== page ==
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50 Cards in this Set

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  • Back
What are the 2 residues involved in cross linking of the peptidoglycan cell wall?
meso-diaminopimelioc acid
What are the stages of peptidoglycan synthesis and where do they occur?
Assembly of PG precurssors - cytoplasm
transport to periplasm - membrane
synth of PG polymer - periplasm
What is on the C-term of the polypeptide in PG?
D-ala D-ala
What are the 4 classes of B-lactam antibiotics?
What is the structure of cephalosporins?
b-lactam ring fused with a 6 member ring
What are the R-groups sites of modification in cephalosporins?
1. b-lactamase
2. amidase
3. esterase
What does b-lactamase do in cephalosporin?
C-N inactivation
What does amidase modification do in cephalosporin?
R1 modification
activity against grm +/-
b-lactimase resistance
What does esterase modification do in cephalosporins?
R2 modification
half life of the drug in vivo
Mechanism of transpeptidation is inhibited by?
b-lactam antibiotics
How do b-lactam antibiotics inhibit transpeptidation?
inactivates both enzymes for coavalent cross liniking
What does decreased permeability to a drug do?
mutation in outer memb protiens ie porins is non-specific resistance
What does mutation of penicillin binding protiens do?
increased resistance to drung
ie. strep pneumoniae
What happens when bacteria aquire new DNA that cataylze drug inactivation?
cleavage of b-lactam ring is common due to the action of b-lactimase
often accompanied by resistance to other drugs
What does cycloserine do?
inhibits peptidoglycan synth
cell wall inhibitor
What is the structure of cycloserine?
like D-ala
How ddoes cycloserine work?
competitive inhibitor of D-ala in to sequetional rxns
1. alanine racemase
2. d-ala d-ala synthase
What does vancomycin do?
blocks cross linking of PG
What is vancoymcin's mech of action?
complexes with D-ala
prevents crosslinking
What does vancoymcin work against?
Gram +
When do we use vancomycin?
with penicillin resistance or cephalosporin hypersensitivity
What is vancomycin used to treat?
infection by MRSA (Methocillin Resistant Staph Aureus)
What does bacitracin do?
polypetide that blocks PG biosyth by binding the lipid carrier & preventing it from recycling
What are some reasons cell wall inhibitors are clinically useful?
high selectivity
low toxicity to the host
active against growing bacteria
What type of ribosomes do prokaryotes have?
70S (50 and 30 subunits)
What does tetracyclines do?
bind to P residues on 30S subunit adn interferes with binding of aminoacyl t-RNA to the ribosome
For who is tetracycline active?
BOTH eu and pro
but we deal with them differnetly
How do prokaryotes deal with tetracyclines?
E-dependent transporst that takes it up and it accumulates in the cell causing death
What are 2 ways prokaryotes have developed resistance to tetracycline?
1. actively pumps it out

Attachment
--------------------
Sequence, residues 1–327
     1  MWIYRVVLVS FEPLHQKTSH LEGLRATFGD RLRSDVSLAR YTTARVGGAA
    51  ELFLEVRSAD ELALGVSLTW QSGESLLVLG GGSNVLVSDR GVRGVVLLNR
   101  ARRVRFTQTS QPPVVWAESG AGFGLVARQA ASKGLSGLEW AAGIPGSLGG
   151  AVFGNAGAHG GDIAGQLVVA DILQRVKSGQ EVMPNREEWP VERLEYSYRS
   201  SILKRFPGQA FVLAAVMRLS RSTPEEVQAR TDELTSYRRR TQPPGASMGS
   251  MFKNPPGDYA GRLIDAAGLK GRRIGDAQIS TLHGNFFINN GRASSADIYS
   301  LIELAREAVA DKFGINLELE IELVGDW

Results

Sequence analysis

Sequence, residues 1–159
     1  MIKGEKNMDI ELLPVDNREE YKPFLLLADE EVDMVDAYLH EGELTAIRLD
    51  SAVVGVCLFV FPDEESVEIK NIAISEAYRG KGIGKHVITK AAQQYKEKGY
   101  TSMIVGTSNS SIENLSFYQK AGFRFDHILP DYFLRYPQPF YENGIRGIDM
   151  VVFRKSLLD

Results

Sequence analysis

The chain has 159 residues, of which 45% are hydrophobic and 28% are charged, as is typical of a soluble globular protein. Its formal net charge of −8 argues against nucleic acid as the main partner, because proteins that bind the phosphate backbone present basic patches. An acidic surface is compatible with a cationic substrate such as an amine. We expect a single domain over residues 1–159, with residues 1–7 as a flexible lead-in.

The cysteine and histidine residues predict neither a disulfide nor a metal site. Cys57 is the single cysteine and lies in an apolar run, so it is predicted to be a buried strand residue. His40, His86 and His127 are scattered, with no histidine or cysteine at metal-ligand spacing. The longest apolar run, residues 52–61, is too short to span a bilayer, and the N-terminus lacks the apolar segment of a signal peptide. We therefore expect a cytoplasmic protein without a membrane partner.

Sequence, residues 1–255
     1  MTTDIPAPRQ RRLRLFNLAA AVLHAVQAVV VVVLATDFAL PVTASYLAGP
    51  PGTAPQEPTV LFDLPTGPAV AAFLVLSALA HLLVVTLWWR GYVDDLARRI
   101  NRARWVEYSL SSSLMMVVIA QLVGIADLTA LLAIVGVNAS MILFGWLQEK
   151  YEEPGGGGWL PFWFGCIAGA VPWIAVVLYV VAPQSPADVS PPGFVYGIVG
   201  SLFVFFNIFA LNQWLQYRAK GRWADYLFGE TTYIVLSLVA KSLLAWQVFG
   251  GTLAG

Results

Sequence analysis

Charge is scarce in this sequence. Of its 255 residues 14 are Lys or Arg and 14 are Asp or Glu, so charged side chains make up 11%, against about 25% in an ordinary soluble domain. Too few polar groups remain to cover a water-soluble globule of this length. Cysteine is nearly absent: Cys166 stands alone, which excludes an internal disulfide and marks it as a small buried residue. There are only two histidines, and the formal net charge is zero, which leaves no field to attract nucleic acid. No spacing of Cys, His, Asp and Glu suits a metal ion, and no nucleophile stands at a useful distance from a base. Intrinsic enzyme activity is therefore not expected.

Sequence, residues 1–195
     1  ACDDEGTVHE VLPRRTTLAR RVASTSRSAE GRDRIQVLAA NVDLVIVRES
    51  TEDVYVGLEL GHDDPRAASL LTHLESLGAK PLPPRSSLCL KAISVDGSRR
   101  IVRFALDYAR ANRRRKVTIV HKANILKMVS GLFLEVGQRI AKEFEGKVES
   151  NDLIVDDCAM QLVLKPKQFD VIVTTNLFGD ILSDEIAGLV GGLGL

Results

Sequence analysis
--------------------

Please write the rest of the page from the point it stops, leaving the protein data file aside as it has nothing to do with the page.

2. resistant ribosomes
How do aminoglycosides work?
inhibit formation of the 30S initiation complex to decrease the rt of protien synth
What are 2 aminoglycosides?
What is the main problem with aminoglycosides?
limited perm across the outer memb
How do we overcome the main problem with aminoglycosides?
use in combo with b-lactams that disrupt PG to allow more efficient entry of aminoglycosides
How have bacteria formed resistance against aminoglycosides?
covalent modification preventing efficient transport into the bacteria
How do Erthyromycin macrolides work?
binds the 50S ribosome to inhibit its release of deaminoacyl tRNA and inhibits the translocation of peptides
How has resistance to erythromycin come about?
some bacteria can methylate rRNA and erthyromycin cannot bind the methylated rRNA
What type of action does erythromycin have?
bacteriostatic unless at high concentrations then it is bacteriocidal
What is Metronidazole?
inhibitor of DNA which produces radicals to damage DNA used to tx anaerobic bacteria infections
What is the mech of action of Nalidixic acid?
synthetic quinoline that selectively inhibits bacterial DNA gyrase
What is the advatnage to fluorinated quilone (cypro)?
more active than nalidixic acid to inhibit bacterial DNA gyrase
What can cause resistance to quilones?
pt mutation in bacterial DNA gyrase makes it unrecognizable
What is tetrahydorfolate biosythesis?
2 enzyme pathway
used to introduce single Cs into biosynthetic precussors
What 2 drugs block tetrahydorfolate biosynthesis?
What is the mech of action of sulfomides?
inhibits dihydrofolate synthase as a competitive inhibitor to pABA
Why do sulfonamides work?
synthase is unique to bacteria and animals require folic acid for growth
What is the mech of action of trimthoprim?
inhibits dihydrofolate reductase
What is an example of synergy where 2 drugs act to sequentially block a metab pathway?
sulfonamides and trimethoprim
folic acid biosythesis
What is an example of synergy where 1 drug enhances the uptake of another drug?
penicllin and aminoglycosides
What is an example of synergy where 1 drug may prevent the inactivation of another drug?
clavulanic acid inactivates b-lactimase to increase the activity of b-lactam
What is the new drug that inhibits translation and therefore protein synth?